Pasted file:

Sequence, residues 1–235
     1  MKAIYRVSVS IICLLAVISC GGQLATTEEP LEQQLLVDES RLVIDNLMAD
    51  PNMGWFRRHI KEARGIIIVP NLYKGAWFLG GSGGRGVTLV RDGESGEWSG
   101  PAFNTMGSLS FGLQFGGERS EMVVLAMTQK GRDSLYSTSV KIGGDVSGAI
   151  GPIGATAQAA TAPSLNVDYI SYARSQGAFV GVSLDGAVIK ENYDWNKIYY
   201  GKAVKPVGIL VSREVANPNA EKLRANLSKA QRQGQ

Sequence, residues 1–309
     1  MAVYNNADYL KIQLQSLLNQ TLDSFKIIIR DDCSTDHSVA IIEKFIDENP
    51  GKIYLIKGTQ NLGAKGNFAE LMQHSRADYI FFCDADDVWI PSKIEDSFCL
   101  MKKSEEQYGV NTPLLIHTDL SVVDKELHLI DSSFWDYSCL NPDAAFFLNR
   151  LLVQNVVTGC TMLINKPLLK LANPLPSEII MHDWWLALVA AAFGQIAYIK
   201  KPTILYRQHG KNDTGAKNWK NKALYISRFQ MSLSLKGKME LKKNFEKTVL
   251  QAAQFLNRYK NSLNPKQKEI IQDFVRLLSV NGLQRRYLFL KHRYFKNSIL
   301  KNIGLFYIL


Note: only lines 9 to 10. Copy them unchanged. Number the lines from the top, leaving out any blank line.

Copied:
    51  GKIYLIKGTQ NLGAKGNFAE LMQHSRADYI FFCDADDVWI PSKIEDSFCL
   101  MKKSEEQYGV NTPLLIHTDL SVVDKELHLI DSSFWDYSCL NPDAAFFLNR